(CNSNews.com) – In the aftermath of the Orlando terrorist attack, the vast majority of House Republicans voted in favor of legislation designed to enhance efforts to combat “violent extremism,” but one of the three who voted against it, Rep. Louie Gohmert of Texas, said he did so because it fails to identify “radical Islam” as the problem.
“It never mentions the term ‘radical Islam,’ and after the Orlando shooting, we have an obligation when the administration won’t call it what it is, to start calling it what it is,” he said on the House floor on Thursday.
GOP leaders hailed the Countering Terrorist Radicalization Act (H.R. 5471), with Majority Leader Kevin McCarthy saying in a statement the House had “moved quickly and aggressively on legislation that will better protect our communities and the homeland.”
The bill, introduced by McCarthy and Rep. Michael McCaul (R-Texas), chairman of the House Homeland Security Committee, essentially bundles three bills already passed by the House, in the hope that doing so will speed up the process of getting the through the Senate and onto the president’s desk.
The bill aims to push back on terrorist propaganda through counter-messaging, education and outreach; authorizes additional training for Department of Homeland Security and other personnel, with a focus on community awareness outreach efforts and the use of “fusion centers” nationwide; requires additional DHS assessment and reporting to Congress on the efforts; and establishes in law a counterterrorism advisory board with members from across relevant federal agencies.
One thing H.R. 5471 does not do is mention “radical Islam,” “Islamist,” “jihad” or similar terminology. Instead it uses the administration’s preferred term for the threat – “countering violent extremism” or CVE.
The bill passed by a large margin – 402-15, with 14 members not voting. Three of the 15 “nays” came from Republicans – two were libertarian Reps. Justin Amash (Mich.) and Thomas Massie (Ky.), and the third was Gohmert.
Explaining his objections, he said, “Every Republican I heard speak on this issue, including those from Homeland Security, have acknowledged the president and our intelligence need to start talking about jihad, Muslim, Islam, radical Muslim, radical Islam, Muslim Brotherhood …”
“And they’re not allowed to talk about it without risking their career and that’s why I voted no on the bill today,” Gohmert added.
Noting several references in the bill to “violent extremism,” he argued that the measure “basically tells the Secretary of Homeland Security, you know, keep countering ‘violent extremism.’”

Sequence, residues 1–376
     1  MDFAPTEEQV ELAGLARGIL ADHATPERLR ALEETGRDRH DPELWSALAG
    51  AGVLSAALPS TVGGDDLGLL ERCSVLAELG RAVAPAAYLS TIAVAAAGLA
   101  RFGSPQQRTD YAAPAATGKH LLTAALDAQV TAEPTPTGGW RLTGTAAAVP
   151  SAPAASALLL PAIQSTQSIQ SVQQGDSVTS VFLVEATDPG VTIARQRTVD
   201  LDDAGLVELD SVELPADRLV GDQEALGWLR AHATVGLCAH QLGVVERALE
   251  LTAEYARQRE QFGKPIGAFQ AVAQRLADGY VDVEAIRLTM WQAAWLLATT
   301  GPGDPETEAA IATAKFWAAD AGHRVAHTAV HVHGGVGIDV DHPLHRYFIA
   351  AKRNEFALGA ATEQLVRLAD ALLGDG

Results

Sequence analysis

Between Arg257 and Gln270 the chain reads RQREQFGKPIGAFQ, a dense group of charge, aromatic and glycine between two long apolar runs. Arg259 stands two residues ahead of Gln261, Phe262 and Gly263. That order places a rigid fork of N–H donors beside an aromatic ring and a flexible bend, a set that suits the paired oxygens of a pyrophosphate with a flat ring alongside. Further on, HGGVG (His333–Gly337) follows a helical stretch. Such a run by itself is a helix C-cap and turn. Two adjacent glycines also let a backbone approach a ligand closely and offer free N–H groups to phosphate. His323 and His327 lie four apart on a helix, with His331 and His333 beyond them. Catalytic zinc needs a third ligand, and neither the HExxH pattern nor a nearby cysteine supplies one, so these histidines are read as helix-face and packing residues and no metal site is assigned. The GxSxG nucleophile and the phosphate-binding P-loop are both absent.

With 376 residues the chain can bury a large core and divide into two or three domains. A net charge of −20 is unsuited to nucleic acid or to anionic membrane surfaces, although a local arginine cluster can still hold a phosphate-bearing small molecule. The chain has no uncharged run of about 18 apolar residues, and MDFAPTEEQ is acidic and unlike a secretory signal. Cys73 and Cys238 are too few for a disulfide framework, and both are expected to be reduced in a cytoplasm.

“It never mentions the term ‘radical Islam,’ and after the Orlando shooting, we have an obligation when the administration won’t call it what it is, to start calling it what it is,” he said. “And I think the bill really didn't do what we needed done.”
Earlier in his speech Gohmert pointed to the FBI’s counter-terrorism analytical lexicon, and said there were evidently terms that are “off-limits” for the administration.
Terms used multiple times in the 9/11 Commission Report, including jihad, Islam and Muslim, were absent in the FBI document, he observed. (Gohmert used a chart, compiled by Stephen Coughlin, an expert on Islamic jihad, contrasting terms used in the 9/11 Commission Report on the one hand with the administration’s National Intelligence Strategy and FBI lexicon on the other.)
“We want to make sure that we don’t want to offend the people who want to kill us and destroy our way of life,” Gohmert charged.
“You want a quick end to your career in the FBI or in our intelligence agencies, then all you have to use is the term jihad, Muslim, Islam,” he said. “If you talk about the Muslim Brotherhood, your career is pretty well over.”
Even though radical Islamists were “making clear they want an international caliphate,” he said, “you don’t want to say it in this administration.”
‘We have to define the enemy to defeat it’
Although the bill refers to “violent extremism” and not the other terms cited by Gohmert, McCaul and McCarthy in a joint statement did speak about “radical Islamist terror.”
“Our city streets have become the frontlines in the war against radical Islamist terror,” it said. “To honor the memory of the victims in Orlando, we must rededicate ourselves to preventing terrorists from gaining a foothold in our communities.”
In his own comments on the House floor, McCaul also stressed the need to “define the enemy.”
He noted that the attacks in Boston, Chattanooga, San Bernardino and now Orlando had all been “perpetrated by Islamist terrorists.”
“We have to define the enemy to defeat it,” he said. “That is a basic military strategy.”
In a recent article, Heritage Foundation scholar Robin Simcox wrote that the “violent extremism” term favored by the administration was first made popular in Britain.
“First mainstreamed by the British government, ‘violent extremism’ was dreamed up as a way to avoid saying ‘Islamic’ or ‘Islamist’ extremism in the months after the July 2005 suicide bombings in London,” he said. “The phrase swiftly traveled across the Atlantic and into the U.S. government’s vocabulary.”
Simcox described the CVE strategy as “the symptom of a craven approach to addressing the causes of terrorism.”
The three bills bundled into the new legislation were the Amplifying Local Efforts to Root out Terrorism (ALERT) Act (H.R. 4401), the Counterterrorism Advisory Board Act (H.R. 4407) and the Combating Terrorist Recruitment Act (H.R. 4820).